Which Founders Led the Battle for It ...

On the other side of the argument, an equally distinguished chorus of voices—led by Alexander Hamilton, James Madison, and John Jay—was raised in support of the proposed constitution.

They urged that its innovative structure—a structure the Anti-Federalists considered frightening and dangerous—ought to be passed without any substantial amendments. And in The Federalist, the extraordinary collection of polemical papers organized by Hamilton, they presented their side's answer to the objections raised by the proposed constitution's opponents.

The debate that ensued—even while some states ratified the document and others rejected it—raged for the better part of two years. Each side argued to prove and persuade others to their position. And beneath its rhetorical flourishes lay not only the longest and most profound civic argument in our nation's history, but also a civics lesson that deserves to endure for all time.

And How Both Sides Helped Define the Result!

It was an argument that would result in not only the ratification of the Constitution but also of what that Constitution would become—and the finished document was a testimonial to the contributions of the "victorious" Federalist side and the "losing" Anti-Federalists as well.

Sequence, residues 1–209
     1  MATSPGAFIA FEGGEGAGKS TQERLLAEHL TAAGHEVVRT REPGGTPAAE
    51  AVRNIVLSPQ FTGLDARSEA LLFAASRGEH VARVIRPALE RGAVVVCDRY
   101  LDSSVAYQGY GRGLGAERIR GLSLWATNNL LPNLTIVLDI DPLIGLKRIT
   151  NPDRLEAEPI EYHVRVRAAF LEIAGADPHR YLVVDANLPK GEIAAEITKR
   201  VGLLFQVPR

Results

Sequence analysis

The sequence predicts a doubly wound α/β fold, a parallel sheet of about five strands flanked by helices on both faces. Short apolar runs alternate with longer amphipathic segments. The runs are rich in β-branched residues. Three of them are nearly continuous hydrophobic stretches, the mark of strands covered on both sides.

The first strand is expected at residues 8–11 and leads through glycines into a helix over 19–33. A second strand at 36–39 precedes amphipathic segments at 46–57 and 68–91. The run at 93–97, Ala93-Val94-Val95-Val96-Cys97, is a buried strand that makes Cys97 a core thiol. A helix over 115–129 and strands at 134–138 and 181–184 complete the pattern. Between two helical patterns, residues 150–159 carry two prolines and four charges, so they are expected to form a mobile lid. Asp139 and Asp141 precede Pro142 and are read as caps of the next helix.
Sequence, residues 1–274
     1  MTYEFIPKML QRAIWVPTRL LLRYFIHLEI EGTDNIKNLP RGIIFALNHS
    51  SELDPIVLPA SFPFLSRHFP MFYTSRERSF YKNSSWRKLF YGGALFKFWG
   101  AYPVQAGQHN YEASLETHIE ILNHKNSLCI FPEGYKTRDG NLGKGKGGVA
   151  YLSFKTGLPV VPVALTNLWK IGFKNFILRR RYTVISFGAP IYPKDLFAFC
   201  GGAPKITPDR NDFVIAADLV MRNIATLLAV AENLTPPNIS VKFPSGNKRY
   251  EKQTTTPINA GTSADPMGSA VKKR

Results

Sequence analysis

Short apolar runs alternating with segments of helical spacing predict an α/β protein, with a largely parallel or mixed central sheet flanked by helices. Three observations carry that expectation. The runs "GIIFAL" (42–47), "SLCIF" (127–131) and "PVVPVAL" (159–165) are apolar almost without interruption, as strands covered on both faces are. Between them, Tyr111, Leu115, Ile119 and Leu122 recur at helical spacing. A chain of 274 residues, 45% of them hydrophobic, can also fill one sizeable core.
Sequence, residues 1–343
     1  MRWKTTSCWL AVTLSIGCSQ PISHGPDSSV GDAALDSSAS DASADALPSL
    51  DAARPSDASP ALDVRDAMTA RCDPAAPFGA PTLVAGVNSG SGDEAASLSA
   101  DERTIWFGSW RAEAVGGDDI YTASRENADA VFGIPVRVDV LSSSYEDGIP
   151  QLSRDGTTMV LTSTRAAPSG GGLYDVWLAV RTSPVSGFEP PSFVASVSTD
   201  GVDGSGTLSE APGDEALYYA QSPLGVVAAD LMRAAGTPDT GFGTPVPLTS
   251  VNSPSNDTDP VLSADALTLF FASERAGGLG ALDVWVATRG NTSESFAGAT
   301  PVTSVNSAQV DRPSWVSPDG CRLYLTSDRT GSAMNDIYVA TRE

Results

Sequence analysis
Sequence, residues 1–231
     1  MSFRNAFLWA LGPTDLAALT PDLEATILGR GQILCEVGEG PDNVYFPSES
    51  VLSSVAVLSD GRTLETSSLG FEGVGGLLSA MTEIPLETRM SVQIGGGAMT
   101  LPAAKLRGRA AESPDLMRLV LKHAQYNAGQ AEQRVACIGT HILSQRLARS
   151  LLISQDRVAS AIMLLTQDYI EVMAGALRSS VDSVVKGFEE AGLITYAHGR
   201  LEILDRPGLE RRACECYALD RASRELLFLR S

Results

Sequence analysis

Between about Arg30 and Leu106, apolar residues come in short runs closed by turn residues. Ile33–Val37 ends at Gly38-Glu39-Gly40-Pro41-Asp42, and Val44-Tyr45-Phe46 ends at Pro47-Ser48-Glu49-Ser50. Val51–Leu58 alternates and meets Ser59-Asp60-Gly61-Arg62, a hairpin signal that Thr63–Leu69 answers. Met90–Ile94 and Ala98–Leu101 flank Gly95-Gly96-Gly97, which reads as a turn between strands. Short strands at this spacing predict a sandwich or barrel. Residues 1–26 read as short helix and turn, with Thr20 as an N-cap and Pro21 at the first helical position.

Why were the nation's planners so divided? What were the concerns that caused so many passionate defenders of American independence to take such different views? And why are the answers so important to us today?

In addressing these issues—including fervently presented renditions of the great debate's most illustrious writings and speeches—Professor Pangle brilliantly revives "the great controversy out of which our Constitution was born, so that we ourselves can begin to re-enact, in some degree, the debates and thus the choices—and, more importantly, the arguments for the choices—that were made by the founding generation."

In an era when contemporary arguments on the national stage so often mirror the same conflicts debated by the Founders, our own reenactment of that original debate can enrich our ability to be active and participating citizens.

"By listening to the original critics of the Constitution," Professor Pangle notes, "and by seeing how the defenders are responding to those critics, we will have better access to the age-old, deeply puzzling problems in the very nature of Republicanism with which our founders were wrestling and trying to solve. We can see precisely what dangers this new Constitution was meant to combat and what it was designed to achieve.

"But also, and equally important, we can see what our constitutional system was not designed to achieve, what alternative concerns and goals of political life were abandoned or subordinated, what costs were consciously paid, what limitations were accepted in opting for this ... new system."

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12 Lectures
  • 1
    Significance and Historical Context
    We introduce the major players in the debate over the Constitution's ratification. Most important are those who took part in the struggle in New York—where some of the most thoughtful Anti-Federalist writings were produced and later responded to with the influential Federalist papers organized, and in substantial part written, by Alexander Hamilton. x
  • 2
    Classical Republicanism